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Stock Rally Boosts Canadians' Wealth Despite Housing Slump

Stock Rally Boosts Canadians' Wealth Despite Housing Slump

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    Stock Rally Boosts Canadians’ Wealth Despite Housing Slump

    Canadians are leveraging the current stock market surge to bolster their financial stability, even as they grapple with hefty debt repayments that consume a significant chunk of their income.

    By The Numbers

    The latest report from Statistics Canada revealed a 1.8% increase in household net worth, resulting in a $290 billion rise and bringing the total net worth to approximately $16.4 trillion. The 5% surge in financial assets, including stocks and bonds, outpaced the 1.9% decrease in the value of residential real estate. The growth in financial obligations was only 3.4% in 2023, marking the lowest annual growth in household debt since 1990.

    Between The Lines

    Many Canadians are reaping the benefits of a diverse asset portfolio during a challenging period for personal finances, given the potential risks of rising interest rates and mounting debt payments. However, not all individuals can enjoy these benefits, as the distribution of assets and liabilities is uneven. Approximately 20% of households in Canada hold most of the wealth.

    Household Debt

    Many households are struggling with debt payments. The household debt service ratio remained steady at 15% in Q4, comparable to levels seen in 2007 and 2019. A typical household allocates 15 cents each after-tax dollar to cover debt expenses.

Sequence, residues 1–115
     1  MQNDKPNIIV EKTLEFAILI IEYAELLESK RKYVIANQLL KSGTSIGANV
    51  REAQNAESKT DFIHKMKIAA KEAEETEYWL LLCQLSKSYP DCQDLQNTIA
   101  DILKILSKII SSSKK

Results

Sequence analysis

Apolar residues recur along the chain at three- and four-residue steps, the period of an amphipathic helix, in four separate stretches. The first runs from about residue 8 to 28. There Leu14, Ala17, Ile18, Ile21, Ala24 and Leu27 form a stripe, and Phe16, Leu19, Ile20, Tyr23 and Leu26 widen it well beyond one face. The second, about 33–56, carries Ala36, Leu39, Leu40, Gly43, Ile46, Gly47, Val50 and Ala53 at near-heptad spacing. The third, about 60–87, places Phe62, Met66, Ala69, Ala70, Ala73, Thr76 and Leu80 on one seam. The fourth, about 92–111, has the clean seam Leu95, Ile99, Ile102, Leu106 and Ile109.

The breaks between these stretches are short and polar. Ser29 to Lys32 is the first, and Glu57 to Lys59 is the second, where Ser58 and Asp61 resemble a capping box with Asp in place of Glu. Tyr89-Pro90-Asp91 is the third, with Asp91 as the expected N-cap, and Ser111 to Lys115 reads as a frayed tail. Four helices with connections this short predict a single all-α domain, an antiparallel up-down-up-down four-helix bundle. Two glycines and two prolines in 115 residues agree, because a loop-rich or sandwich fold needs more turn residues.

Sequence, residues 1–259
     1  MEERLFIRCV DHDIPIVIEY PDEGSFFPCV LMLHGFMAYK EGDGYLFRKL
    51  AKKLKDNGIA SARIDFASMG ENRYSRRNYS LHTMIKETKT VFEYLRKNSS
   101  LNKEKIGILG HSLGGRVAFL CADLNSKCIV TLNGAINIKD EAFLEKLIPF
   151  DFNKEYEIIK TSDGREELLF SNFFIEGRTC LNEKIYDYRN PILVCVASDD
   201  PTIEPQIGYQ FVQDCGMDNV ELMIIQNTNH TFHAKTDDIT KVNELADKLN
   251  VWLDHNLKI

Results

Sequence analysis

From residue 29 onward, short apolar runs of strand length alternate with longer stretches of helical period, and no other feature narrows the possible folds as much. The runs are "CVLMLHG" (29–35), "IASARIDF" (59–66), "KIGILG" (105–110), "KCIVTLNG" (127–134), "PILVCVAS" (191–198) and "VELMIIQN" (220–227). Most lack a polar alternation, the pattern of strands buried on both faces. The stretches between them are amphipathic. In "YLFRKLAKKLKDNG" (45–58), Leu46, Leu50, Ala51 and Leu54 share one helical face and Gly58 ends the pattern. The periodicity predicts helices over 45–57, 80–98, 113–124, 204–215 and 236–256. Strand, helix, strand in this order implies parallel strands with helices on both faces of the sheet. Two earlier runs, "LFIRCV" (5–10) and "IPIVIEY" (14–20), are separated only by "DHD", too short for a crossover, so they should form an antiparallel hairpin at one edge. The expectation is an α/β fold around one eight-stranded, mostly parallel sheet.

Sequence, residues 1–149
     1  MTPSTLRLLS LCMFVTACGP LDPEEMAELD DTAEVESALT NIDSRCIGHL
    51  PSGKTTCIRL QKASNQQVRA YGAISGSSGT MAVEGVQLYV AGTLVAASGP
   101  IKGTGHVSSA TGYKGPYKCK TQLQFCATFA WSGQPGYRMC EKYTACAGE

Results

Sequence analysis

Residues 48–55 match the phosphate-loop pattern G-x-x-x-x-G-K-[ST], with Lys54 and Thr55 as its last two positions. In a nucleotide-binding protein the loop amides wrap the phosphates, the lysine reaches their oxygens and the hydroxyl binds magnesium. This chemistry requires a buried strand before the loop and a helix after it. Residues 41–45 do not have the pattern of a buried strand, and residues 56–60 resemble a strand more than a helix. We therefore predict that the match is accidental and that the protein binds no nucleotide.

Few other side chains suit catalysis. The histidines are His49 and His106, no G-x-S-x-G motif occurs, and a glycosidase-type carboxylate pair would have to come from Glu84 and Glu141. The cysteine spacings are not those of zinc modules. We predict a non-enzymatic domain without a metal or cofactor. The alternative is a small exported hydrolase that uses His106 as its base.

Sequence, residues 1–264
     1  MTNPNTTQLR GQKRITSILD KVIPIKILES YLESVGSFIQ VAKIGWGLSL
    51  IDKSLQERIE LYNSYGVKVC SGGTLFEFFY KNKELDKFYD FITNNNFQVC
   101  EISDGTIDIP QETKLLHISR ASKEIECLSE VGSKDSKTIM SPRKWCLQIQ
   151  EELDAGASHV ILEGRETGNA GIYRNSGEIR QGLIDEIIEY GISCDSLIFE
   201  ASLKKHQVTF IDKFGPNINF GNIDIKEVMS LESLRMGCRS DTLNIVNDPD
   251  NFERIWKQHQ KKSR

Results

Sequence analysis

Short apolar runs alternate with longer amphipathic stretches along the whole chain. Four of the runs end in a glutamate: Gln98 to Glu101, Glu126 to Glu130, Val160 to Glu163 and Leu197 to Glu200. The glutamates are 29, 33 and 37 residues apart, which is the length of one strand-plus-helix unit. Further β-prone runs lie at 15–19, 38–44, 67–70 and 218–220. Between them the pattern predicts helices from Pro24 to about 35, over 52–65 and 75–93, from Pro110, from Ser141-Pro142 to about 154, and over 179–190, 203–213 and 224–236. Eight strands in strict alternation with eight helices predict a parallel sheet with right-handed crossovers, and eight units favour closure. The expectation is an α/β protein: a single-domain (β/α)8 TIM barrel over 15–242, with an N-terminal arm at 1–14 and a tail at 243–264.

What’s Next

    Many homeowners have yet to feel the full impact of rising interest rates as they haven’t renewed their mortgages since the Bank of Canada began enforcing stricter lending conditions in early 2022. Mortgage interest payments have nearly doubled since the start of 2022, with about 2/3rds of mortgage payments going towards interest in Q4.

    The Bottom Line

    The debt service ratio is historically high and projected to rise further in the coming months due to delayed mortgage renewals and anticipated slower income growth. However, some relief may be on the horizon as the Bank of Canada is expected to lower its benchmark interest rate, currently at 5%, in June or July. Canada’s household debt to disposable income ratio has decreased for the third consecutive quarter, reaching 178.7%, indicating that after-tax income growth is outpacing debt growth.

    Canadians are saving more than in recent years, with the household savings rate of disposable income increasing to 6.2% in the fourth quarter. Exchange-traded (ETF) and money market funds gained significant popularity in the second half of 2022, suggesting consumers prioritize shorter investment periods and lower fee options.

    The ongoing equities surge may have contributed to an increase in household wealth at the start of the year. Despite the general increase in wealth, many households are under strain, with an increase in consumer insolvencies indicating that some households may struggle to meet their financial obligations.

    One of the best ways to increase wealth is to reduce debts. By lowering your mortgage payment, you could use the additional savings to pay down your debts or mortgage or even set up a pre-authorized contribution (PAC) to your investments.  Ready to find a lower fixed or variable rate for your mortgage? Reach out to nesto’s mortgage experts to find your best mortgage rate.

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